I said "Hello World!".
That's all about how to say Hello World.

```

### FRACTRAN

A FRACTRAN program is an ordered list of positive fractions together with an initial positive integer input ${\displaystyle n}$. The program is run by multiplying the integer ${\displaystyle n}$ by the first fraction ${\displaystyle f}$ in the list for which ${\displaystyle nf}$ is an integer. The integer ${\displaystyle n}$ is then replaced by ${\displaystyle nf}$ and the rule is repeated. If no fraction in the list produces an integer when multiplied by ${\displaystyle n}$ then the program halts. FRACTRAN was invented by mathematician John Conway.

### .Gertrude

.Gertrude[11] is named after Gertrude Stein, and was designed (by Gerson Kurz) to enable programs to vaguely resemble her poetry.

### GolfScript

Programs in GolfScript consist of lists of items, each of which is pushed onto the stack as it is encountered with the exception of variables which have code blocks as their value, in which case the code is executed.

### Grass

Grass is a functional programming language that only uses the characters `W`, `w`, and `v`. Thus, programs in Grass are said to look like ASCII art of grass. Grass has the formal specification which is based on untyped lambda calculus and the SECD machine.[12] Grass should not be confused with GRASS, a different programming language.

### INTERCAL

INTERCAL, short for "Compiler Language With No Pronounceable Acronym", was created in 1972 as a parody to satirize aspects of the various programming languages at the time.[4]

### JSFuck

JSFuck is an esoteric programming style of JavaScript, where code is written using only six characters: `[`, `]`, `(`, `)`, `!`, and `+`. Unlike Brainfuck, which requires its own compiler or interpreter, JSFuck is valid JavaScript code, meaning JSFuck programs can be run in any web browser or engine that interprets JavaScript.[13][circular reference]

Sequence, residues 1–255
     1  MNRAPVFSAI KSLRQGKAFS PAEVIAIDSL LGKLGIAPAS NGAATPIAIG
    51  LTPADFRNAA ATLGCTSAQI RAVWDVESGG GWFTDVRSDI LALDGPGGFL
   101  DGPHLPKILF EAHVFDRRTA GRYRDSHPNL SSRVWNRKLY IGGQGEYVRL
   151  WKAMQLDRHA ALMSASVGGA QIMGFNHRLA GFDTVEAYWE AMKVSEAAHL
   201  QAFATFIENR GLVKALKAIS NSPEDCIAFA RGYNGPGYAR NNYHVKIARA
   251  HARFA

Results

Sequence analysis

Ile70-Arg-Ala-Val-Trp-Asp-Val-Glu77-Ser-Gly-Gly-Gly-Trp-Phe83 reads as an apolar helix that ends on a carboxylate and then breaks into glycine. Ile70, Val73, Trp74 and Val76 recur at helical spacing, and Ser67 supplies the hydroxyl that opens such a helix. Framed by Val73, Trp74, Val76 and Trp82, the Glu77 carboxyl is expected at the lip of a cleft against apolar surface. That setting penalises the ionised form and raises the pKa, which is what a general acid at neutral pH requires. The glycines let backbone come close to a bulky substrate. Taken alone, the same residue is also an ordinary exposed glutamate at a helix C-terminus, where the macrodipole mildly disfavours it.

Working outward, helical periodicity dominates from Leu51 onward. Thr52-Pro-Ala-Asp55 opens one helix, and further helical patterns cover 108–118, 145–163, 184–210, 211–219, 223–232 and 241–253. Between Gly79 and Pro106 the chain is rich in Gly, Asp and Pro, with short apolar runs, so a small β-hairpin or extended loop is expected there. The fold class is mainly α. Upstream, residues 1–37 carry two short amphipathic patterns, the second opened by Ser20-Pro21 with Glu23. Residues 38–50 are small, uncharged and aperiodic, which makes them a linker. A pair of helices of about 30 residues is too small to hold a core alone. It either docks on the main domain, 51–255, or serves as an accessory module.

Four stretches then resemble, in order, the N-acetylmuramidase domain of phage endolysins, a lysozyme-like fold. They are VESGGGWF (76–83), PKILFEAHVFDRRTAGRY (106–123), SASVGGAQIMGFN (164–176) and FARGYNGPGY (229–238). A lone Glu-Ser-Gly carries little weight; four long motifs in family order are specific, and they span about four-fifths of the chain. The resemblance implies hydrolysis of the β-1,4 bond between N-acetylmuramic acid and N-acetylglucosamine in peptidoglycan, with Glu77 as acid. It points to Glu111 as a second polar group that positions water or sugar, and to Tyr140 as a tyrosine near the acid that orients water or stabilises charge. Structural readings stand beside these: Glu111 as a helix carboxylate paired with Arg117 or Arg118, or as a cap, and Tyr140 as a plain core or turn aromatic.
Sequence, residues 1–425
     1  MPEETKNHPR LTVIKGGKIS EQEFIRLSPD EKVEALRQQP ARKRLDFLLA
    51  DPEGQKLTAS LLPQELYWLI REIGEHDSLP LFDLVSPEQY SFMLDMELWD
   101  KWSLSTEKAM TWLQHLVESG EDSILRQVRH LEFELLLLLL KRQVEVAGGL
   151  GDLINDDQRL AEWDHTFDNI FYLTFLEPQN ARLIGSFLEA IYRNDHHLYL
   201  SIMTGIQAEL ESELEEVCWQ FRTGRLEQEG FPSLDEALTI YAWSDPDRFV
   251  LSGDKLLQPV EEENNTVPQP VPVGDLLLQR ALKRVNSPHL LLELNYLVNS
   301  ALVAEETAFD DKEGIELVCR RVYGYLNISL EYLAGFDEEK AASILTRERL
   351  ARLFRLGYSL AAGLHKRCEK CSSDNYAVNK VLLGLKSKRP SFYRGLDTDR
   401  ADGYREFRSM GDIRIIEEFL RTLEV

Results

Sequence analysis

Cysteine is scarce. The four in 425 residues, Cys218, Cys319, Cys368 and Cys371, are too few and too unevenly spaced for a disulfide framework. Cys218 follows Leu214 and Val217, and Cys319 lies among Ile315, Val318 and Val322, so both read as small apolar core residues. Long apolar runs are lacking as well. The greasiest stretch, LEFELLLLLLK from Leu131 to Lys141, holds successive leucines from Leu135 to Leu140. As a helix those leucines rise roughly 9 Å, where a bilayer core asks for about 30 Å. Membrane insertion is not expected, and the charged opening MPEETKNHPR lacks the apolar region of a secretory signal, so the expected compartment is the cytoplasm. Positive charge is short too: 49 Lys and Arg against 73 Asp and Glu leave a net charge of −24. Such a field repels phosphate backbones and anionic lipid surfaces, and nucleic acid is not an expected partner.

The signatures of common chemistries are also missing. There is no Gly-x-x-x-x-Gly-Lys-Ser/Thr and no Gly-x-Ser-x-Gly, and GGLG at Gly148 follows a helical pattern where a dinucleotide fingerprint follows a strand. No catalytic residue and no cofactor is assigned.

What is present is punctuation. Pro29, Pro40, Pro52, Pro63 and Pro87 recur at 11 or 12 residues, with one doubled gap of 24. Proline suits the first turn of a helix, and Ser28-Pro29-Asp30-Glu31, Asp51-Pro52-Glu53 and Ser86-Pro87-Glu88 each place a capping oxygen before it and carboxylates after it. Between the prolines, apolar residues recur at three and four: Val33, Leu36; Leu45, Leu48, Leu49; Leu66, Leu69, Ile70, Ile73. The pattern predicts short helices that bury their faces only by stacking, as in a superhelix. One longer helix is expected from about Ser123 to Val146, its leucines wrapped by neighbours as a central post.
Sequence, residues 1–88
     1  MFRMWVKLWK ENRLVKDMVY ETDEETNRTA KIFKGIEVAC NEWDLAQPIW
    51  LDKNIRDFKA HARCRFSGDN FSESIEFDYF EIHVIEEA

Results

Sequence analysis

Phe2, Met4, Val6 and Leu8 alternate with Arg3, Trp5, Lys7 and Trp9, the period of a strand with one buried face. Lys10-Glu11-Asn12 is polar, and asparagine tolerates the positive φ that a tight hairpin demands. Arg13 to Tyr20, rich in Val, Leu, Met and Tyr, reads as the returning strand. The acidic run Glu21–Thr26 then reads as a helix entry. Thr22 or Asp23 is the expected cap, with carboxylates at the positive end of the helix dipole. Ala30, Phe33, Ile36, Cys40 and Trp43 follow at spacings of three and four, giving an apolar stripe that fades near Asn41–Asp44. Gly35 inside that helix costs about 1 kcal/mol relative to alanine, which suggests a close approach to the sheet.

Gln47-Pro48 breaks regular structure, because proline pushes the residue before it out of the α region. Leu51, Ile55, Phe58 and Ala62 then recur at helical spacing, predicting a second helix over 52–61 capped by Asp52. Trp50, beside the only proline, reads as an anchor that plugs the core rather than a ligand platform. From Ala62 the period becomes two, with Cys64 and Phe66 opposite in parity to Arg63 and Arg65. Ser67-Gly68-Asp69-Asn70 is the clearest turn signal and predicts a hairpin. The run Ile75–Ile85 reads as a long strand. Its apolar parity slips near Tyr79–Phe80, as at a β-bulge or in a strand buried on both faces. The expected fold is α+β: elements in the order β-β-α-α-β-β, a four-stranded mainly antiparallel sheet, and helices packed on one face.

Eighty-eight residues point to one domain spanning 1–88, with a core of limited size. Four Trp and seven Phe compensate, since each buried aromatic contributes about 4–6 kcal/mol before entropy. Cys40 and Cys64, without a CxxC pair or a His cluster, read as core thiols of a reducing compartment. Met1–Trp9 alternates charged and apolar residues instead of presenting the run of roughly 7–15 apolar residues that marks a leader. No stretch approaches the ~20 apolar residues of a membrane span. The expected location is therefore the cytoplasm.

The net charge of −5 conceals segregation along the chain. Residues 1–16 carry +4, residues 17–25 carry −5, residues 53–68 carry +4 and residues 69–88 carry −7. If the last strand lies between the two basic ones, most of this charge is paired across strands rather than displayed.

### LOLCODE

LOLCODE is designed to resemble the speech of lolcats; the following is the "hello World" example:

```HAI
CAN HAS STDIO?
VISIBLE "HAI WORLD!"
KTHXBYE
```

LOLCODE is frequently criticized for not being very esoteric, but rather being an ordinary procedural language with an unusual vocabulary.[14]

### Malbolge

Malbolge (the 8th circle of Hell) was designed to be the most difficult and esoteric programming language. Among other features, code is self-modifying by design and the effect of an instruction depends on its address in memory.

### ModiScript

ModiScript[15] is an esoteric programming language that entirely consists of quotes from Indian Prime Minister Narendra Modi's speeches; the language follows many of his ideologies such as the "No import rule", in which importation of code is not allowed, consistent with his "Make in India" campaign. The following code prints "Mandir Wahin Banayenge":